As temperatures continue to rise many area residents are beginning to take advantage of area lakes, ponds, rivers and streams in search of fishing holes or just to take in the scenery. Whatever the reason, a bit of preplanning and caution is advisable.
Operation of canoes and all watercraft differs greatly from ponds and lakes to rivers. Individuals must know how to adapt to the water currents.
According to Department of Natural Resources officer Gary Catron, the water current is often the most overlooked water hazard.
“Even though the river current may appear to be slow much of the time, it exerts a lot of force. A river current velocity of 6 mph exerts nearly 70 pounds of pressure to someone wading in the river,” Catron said earlier this year.
He went on to stay those figures increase greatly when the weight of a small, swamped boat are figured in.
“At the same velocity, nearly 700 pounds of pressure is pushing on a small, swamped boat,” he said.
Solid obstructions in rivers and streams, such as rocks and bridge pilings, are usually easily seen. However, being downside of a swamped boat and running into one of those solid obstructions could cause an individual to be pinned against the obstruction. For this reason, Catron and other DNR officers recommend that if you are in a swamped boat in a river, get to the upstream side of the watercraft.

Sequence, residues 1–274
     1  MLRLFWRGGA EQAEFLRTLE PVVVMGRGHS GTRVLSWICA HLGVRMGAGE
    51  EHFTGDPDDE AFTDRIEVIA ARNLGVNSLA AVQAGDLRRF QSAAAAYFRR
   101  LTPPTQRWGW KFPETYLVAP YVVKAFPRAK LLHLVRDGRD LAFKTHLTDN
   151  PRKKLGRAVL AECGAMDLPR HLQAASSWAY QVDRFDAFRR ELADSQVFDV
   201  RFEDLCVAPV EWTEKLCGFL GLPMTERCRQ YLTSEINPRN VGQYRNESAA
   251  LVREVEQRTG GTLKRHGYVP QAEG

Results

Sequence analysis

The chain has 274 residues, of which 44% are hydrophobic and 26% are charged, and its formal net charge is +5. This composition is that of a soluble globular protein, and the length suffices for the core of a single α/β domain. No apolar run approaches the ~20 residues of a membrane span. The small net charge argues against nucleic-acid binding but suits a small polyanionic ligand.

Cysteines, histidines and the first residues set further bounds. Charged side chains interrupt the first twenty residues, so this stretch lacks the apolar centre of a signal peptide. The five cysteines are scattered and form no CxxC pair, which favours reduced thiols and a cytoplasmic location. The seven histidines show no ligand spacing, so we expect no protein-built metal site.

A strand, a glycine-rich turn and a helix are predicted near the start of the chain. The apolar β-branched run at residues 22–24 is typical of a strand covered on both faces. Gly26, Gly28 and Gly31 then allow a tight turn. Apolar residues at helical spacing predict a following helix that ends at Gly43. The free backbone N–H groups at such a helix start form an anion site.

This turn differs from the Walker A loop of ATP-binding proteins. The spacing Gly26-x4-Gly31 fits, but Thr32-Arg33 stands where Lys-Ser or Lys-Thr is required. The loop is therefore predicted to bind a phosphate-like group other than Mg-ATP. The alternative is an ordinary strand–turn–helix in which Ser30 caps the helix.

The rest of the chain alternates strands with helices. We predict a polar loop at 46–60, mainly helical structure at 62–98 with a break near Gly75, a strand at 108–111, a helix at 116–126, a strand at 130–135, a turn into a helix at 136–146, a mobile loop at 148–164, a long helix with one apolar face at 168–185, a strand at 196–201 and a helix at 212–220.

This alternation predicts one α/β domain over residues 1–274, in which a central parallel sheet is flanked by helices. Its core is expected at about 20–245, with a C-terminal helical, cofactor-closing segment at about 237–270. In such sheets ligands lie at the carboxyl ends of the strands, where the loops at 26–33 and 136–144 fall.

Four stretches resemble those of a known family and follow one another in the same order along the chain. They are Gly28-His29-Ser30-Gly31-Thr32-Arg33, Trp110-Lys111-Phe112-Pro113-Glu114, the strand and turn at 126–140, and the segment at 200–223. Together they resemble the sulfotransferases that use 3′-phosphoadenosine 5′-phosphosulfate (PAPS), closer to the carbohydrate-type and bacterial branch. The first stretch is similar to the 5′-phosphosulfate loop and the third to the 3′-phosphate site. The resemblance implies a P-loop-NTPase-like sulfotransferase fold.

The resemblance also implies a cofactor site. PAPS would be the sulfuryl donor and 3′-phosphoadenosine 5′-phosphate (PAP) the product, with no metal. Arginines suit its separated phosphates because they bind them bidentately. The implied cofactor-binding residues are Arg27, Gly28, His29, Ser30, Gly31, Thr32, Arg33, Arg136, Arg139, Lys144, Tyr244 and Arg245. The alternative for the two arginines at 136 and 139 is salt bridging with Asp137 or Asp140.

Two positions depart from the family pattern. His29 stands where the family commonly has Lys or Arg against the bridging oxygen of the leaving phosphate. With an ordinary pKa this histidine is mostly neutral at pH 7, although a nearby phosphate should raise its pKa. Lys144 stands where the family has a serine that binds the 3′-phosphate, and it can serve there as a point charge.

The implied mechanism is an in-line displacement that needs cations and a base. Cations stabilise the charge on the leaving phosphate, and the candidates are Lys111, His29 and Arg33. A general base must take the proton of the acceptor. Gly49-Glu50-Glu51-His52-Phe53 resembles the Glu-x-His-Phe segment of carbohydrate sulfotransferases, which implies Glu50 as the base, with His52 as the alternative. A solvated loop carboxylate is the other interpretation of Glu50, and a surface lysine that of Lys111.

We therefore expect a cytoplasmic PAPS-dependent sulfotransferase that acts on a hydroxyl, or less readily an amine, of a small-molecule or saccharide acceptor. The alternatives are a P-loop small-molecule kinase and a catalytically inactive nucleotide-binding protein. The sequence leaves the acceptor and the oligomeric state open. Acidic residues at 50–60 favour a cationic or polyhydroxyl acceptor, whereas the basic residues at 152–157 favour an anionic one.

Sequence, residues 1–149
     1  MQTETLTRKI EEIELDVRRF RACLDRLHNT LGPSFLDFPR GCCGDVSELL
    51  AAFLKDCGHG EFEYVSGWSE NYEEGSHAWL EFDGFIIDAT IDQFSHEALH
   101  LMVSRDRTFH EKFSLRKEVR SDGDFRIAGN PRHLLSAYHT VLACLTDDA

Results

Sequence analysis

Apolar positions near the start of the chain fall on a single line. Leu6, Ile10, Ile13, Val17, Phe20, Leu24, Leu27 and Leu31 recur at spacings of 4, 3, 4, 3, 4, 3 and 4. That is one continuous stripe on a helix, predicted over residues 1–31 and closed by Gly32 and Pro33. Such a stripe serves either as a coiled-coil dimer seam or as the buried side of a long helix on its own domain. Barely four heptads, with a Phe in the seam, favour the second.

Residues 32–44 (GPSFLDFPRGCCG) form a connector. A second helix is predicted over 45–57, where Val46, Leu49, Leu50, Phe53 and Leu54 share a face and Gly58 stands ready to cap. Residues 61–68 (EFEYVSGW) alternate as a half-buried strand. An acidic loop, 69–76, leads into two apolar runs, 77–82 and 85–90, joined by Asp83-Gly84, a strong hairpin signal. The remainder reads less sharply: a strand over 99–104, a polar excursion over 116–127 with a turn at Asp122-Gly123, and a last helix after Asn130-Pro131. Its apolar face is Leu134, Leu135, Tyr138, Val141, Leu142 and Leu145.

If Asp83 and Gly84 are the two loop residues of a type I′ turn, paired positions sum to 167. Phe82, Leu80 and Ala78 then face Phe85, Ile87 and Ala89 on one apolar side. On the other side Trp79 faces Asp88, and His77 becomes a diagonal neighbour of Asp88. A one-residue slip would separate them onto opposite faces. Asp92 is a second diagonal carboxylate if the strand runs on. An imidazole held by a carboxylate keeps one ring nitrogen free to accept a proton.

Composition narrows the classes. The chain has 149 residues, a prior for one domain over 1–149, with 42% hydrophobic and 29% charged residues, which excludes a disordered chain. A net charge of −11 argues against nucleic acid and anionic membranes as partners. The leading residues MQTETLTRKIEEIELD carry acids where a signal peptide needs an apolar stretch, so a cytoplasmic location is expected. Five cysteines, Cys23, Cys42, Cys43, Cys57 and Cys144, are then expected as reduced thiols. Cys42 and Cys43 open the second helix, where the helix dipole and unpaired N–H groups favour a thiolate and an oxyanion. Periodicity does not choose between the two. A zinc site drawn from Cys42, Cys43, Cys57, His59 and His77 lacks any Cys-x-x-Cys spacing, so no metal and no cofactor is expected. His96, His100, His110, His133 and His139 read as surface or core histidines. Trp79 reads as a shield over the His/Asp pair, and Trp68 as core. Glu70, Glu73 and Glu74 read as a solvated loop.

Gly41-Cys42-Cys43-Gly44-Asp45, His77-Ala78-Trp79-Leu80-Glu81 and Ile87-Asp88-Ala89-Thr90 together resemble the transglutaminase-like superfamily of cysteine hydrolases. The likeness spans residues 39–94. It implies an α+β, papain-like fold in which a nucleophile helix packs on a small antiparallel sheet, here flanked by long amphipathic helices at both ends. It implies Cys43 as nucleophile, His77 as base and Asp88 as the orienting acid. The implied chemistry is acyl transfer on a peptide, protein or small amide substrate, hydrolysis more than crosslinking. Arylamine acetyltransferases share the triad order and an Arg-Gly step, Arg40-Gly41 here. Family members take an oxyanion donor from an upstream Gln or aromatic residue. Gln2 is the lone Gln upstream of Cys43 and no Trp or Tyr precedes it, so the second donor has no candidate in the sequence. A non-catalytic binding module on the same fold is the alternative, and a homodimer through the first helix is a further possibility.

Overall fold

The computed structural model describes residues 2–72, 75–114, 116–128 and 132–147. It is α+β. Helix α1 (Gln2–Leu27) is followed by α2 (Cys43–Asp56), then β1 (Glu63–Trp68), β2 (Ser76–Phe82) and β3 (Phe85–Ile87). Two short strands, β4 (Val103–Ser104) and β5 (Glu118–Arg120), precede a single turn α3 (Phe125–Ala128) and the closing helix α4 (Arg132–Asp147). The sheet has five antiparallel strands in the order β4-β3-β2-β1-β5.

Often the initial reaction when accidentally entering moving water is to stand up. This is a mistake. In a fast current the force can be strong enough to push and entrap one’s foot between rocks or other unseen object below the water’s surface.
If the water is deep enough and the person is unable to free himself, the results could be disastrous.
Hypothermia is a another often overlooked hazard.
According to Catron, the body’s temperature can be compromised even in typical spring temperatures.
“Water is capable of taking warmth away from the body 25 times faster that air of the same temperature. Moving water can increase the temperature change even quicker,” Catron said.
In spring, the water in area streams has not warmed substantially—for most of the year the water temperature is less than 70 degrees. People can die of hypothermia in 70-degree water if trapped for a period of time.
“Before venturing out onto rivers and streams, exercise preparedness. Be sure that personal flotation devices (PFD lifejackets) fit properly,” Catron said in conclusion.